Dry Needling vs. Cupping vs. Manual Therapy

Here at OsteoWest we offer a wide range of treatment options to optimise outcomes for each patient. There are considerations when choosing whether we use dry needling, cupping or manual therapy to help you. We consider your pain presentation, diagnosis and stage of recovery/rehabilitation but most importantly, we also consider your personal preference!  

Note: When discussing manual therapy, we are referring to soft tissue massage, deep tissue massage, manipulations, joint articulations and muscle energy techniques. 

Dry Needling Benefits  

Dry Needling
Dry Needling

Needling is a treatment that uses fine filament needles. Tense and sore muscles often have tight spots. When a muscle develops a trigger point, nerves that supply these muscles become over-active causing tension in surrounding blood vessels, joints and soft tissues.

They are used to release these trigger points. The goal is to reduce muscle pain and spasms, therefore improving overall function.

Useful for: 

  • Relieving muscle knots 
  • Pains in tendons 
  • Myofascial trigger points
  • Thickened tissues or scarring

Not useful for: patients with needle phobia’s or epilepsy  

Caution with: Patients with bleeding disorders, on anti-coagulant medication, cancer and nickle/chrome allergies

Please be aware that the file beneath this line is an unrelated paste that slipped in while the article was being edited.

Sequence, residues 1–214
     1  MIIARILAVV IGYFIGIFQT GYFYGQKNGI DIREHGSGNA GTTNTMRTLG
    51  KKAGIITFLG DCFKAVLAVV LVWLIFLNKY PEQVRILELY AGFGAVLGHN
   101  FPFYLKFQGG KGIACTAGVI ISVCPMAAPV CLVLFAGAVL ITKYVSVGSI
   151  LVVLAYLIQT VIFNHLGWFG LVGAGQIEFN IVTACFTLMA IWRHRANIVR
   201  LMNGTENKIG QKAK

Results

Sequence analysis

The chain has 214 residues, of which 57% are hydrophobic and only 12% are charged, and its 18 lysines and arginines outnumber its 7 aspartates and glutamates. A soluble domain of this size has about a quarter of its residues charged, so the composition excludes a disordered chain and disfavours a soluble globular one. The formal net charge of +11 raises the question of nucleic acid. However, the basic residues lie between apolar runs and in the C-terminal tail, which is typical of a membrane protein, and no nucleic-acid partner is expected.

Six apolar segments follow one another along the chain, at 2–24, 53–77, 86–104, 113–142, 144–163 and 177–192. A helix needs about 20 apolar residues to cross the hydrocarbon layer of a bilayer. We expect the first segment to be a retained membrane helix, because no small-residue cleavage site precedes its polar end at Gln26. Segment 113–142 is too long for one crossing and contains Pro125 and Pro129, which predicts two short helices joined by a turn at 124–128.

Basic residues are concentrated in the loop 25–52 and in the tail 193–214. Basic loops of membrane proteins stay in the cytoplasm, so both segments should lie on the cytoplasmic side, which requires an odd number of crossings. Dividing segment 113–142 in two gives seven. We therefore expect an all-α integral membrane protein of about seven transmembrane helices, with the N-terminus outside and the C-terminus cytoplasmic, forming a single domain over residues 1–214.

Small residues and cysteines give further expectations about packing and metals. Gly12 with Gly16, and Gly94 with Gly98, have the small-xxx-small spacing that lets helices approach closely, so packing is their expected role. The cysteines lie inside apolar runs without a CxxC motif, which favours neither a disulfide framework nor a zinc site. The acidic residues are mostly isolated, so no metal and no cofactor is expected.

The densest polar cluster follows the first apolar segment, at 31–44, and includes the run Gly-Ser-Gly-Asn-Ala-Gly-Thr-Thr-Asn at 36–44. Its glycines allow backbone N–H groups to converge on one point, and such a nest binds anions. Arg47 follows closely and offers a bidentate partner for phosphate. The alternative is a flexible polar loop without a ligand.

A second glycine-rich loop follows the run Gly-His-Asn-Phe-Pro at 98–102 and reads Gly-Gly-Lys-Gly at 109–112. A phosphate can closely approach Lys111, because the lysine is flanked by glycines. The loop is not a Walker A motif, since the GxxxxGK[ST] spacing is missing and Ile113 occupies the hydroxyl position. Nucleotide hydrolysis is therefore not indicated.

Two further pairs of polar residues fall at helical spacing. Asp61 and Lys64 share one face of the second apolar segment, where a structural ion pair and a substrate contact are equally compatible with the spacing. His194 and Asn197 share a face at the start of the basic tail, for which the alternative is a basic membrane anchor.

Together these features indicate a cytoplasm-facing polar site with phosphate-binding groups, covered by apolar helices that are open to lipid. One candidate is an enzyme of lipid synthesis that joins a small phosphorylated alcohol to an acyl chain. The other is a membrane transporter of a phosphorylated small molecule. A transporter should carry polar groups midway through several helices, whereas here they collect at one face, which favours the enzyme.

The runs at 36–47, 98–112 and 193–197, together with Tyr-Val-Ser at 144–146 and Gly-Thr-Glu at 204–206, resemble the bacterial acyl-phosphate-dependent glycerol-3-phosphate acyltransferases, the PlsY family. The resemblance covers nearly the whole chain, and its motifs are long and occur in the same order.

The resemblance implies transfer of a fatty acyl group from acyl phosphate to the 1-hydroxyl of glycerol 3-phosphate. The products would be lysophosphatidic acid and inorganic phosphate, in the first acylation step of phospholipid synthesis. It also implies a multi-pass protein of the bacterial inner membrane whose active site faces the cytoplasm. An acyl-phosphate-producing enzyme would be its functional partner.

Myofascial Cupping


Useful for:  

  • Softening tight muscles 
  • Stimulating blood flow 
  • Relieve deep muscular issues and reduce muscle spasms 
  • Drain lymph and cellular debris 
  • Separate layers of connective tissue 

Not useful for: Fractures, acute sprains, areas of oedema (swelling), pregnancy (certain areas), patients with bleeding disorders, high fevers or with recent trauma 

Manual Therapy

Manual Therapy
Osteopathic Manual Therapy

Useful for: Outcomes in the short to medium term to reduce muscle tension, muscle knots, pain in tendons, increase joint range of motion and decrease pain.  

Not useful for:  

  • Based on clinical evidence on the recovery process of injuries, manual therapy is not useful for long term outcomes. Instead, there often needs to be some element of strength and conditioning in addition.  

If you have any questions or would like to try dry needling or cupping in, conjunction with your manual therapy, please let us know at your next consult! 

Lumbar Spine Manipulation
Lumbar Spine Manipulation